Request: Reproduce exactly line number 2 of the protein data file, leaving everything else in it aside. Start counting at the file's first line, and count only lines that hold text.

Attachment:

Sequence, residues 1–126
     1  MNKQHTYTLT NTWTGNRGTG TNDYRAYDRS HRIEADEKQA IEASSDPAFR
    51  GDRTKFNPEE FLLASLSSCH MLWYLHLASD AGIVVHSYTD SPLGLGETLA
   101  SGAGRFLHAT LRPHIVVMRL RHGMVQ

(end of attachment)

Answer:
     1  MNKQHTYTLT NTWTGNRGTG TNDYRAYDRS HRIEADEKQA IEASSDPAFR